DETERMINATION OF A CHILD’S HABITUAL RESIDENCE IN INTERNATIONAL CHILD ABDUCTION CASES: CHARTING THE WAY TOWARDS HARMONIZATION
Keywords:Parental child abduction, Hague Abduction Convention, habitual residence, harmonization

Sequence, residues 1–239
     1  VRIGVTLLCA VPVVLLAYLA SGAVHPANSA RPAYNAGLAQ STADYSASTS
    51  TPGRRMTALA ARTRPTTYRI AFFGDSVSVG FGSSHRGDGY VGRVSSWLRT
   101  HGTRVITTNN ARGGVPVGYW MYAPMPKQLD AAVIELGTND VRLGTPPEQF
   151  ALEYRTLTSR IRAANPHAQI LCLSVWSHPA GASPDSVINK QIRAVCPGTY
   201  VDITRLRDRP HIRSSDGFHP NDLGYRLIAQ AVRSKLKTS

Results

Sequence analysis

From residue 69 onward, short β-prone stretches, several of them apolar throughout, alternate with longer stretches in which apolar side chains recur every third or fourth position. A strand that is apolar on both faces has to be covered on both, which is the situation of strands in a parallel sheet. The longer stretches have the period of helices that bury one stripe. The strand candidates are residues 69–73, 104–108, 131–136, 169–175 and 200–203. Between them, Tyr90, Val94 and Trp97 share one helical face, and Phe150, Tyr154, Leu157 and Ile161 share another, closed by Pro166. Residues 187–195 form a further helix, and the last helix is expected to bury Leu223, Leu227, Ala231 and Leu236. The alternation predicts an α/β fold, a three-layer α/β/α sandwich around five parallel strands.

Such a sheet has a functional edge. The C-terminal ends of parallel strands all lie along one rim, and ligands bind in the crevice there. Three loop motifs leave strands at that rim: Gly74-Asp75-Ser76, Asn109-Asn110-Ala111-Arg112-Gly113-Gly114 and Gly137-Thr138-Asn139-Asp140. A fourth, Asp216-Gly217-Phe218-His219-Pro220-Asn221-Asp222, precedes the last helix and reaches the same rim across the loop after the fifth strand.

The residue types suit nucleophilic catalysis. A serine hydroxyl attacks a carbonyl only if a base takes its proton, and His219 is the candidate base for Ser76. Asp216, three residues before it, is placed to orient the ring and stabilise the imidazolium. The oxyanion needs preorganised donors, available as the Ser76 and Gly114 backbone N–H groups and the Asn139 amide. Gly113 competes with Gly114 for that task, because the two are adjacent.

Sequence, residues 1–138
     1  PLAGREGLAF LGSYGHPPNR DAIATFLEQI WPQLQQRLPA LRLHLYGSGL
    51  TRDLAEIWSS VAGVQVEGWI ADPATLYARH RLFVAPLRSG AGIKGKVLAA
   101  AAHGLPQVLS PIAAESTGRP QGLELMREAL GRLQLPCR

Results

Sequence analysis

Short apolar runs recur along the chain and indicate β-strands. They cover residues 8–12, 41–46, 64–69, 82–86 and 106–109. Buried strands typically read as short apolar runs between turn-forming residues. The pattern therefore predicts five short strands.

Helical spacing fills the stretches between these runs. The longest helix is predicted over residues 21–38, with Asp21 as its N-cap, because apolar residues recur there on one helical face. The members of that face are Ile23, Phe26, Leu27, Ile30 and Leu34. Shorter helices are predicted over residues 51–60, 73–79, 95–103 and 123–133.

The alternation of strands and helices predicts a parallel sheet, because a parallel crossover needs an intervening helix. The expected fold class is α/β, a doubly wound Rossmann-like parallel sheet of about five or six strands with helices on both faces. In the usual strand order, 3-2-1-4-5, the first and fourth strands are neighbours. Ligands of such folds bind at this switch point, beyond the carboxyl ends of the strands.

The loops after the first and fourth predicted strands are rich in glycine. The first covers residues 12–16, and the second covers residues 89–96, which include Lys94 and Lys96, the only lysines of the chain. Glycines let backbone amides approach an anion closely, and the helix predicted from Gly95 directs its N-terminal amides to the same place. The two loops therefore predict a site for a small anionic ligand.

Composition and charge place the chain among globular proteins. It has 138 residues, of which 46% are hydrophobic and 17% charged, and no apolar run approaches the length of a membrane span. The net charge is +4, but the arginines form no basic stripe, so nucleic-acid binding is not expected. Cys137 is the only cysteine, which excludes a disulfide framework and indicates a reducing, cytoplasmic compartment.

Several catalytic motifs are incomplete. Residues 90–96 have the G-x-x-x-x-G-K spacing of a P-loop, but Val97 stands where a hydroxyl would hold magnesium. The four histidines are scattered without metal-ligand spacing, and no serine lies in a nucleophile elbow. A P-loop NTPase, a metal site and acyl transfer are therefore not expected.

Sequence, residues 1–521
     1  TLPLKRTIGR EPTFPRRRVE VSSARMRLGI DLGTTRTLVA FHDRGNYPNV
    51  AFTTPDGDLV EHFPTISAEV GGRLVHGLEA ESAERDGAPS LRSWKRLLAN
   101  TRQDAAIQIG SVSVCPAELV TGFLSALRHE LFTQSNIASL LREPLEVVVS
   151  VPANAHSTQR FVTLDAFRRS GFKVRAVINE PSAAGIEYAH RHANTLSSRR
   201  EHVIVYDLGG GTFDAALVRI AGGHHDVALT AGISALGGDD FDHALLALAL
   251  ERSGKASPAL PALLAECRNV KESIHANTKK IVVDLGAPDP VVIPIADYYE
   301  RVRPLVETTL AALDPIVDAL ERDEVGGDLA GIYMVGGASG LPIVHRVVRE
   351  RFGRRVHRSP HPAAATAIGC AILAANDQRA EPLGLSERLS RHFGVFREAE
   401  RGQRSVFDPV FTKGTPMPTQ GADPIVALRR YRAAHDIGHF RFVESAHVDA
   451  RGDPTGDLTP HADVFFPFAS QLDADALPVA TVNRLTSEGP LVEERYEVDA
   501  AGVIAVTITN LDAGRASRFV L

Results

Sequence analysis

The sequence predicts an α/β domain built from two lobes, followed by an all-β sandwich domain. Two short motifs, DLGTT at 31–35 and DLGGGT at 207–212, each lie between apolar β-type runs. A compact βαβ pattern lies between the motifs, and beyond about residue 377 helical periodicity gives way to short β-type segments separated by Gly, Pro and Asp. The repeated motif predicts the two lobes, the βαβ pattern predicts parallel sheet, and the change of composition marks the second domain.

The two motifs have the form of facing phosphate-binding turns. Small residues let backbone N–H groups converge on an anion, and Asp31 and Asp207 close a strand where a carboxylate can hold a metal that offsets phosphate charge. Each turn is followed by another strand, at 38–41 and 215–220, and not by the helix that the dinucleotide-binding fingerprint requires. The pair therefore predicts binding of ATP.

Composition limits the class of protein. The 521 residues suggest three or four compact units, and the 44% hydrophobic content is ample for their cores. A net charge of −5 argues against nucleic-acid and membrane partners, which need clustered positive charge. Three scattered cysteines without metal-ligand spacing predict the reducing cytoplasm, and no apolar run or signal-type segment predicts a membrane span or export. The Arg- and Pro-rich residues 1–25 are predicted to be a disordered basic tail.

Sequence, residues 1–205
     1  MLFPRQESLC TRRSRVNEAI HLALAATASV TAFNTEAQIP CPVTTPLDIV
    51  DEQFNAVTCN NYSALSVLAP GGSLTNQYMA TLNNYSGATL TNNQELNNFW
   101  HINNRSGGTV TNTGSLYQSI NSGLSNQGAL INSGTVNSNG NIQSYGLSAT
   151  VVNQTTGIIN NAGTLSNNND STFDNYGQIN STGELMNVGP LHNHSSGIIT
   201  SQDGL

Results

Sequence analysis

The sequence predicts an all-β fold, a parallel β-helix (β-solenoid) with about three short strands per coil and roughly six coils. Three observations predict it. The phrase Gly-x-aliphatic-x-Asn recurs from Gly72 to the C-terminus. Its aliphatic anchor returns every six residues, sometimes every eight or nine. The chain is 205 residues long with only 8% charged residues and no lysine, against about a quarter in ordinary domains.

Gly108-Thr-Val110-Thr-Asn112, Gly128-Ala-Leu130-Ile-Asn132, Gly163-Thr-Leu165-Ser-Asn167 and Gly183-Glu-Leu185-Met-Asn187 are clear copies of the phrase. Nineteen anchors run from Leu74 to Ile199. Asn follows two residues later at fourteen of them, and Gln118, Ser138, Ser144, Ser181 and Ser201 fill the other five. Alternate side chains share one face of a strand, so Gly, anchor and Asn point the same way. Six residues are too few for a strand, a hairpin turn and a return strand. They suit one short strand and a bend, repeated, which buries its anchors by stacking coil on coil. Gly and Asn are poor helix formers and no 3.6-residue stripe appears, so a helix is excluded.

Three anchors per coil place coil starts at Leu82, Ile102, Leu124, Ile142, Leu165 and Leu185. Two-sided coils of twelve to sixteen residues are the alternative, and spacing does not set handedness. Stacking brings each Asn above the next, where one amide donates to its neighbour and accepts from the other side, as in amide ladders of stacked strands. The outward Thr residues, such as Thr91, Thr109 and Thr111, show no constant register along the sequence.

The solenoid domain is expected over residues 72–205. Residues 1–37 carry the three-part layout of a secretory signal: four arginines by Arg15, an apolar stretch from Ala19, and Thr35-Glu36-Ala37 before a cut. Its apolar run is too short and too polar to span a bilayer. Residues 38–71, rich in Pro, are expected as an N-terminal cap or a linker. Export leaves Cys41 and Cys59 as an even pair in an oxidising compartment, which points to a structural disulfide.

The 1980 Child Abduction Convention is aimed at addressing the increasingly disturbing problem of trans-border parental child abduction, its key mechanism being to promptly return an abducted child to his or her country of ‘habitual residence.’ In essence, habitual residence is established as the chosen personal connecting factor in international child abduction cases. However, in view of the failure of the Convention to define the term, it has become the responsibility of the courts around the world to improvise their own standards for the determination. The objectives of the present paper, therefore, are to assess the deplorable situation of fragmented approaches and standards used by the courts in determining habitual residence of a child and to explore the recent developments in judicial pronouncements in order to be able to demonstrate the changing trend in the jurisprudence of the courts. To achieve these, the paper looks into and appraises the decisions of the courts of the United States of America, Canada, the European Union, the United Kingdom and other common law countries. The paper concludes that the changing trend is clearly discernible and a number of courts of States parties are increasingly applying a hybrid or combined approach rather than various subjective and one-sided approaches and thus moving towards the achievement of harmonization in the determination of a child’s habitual residence, the underlying principle of the Convention.
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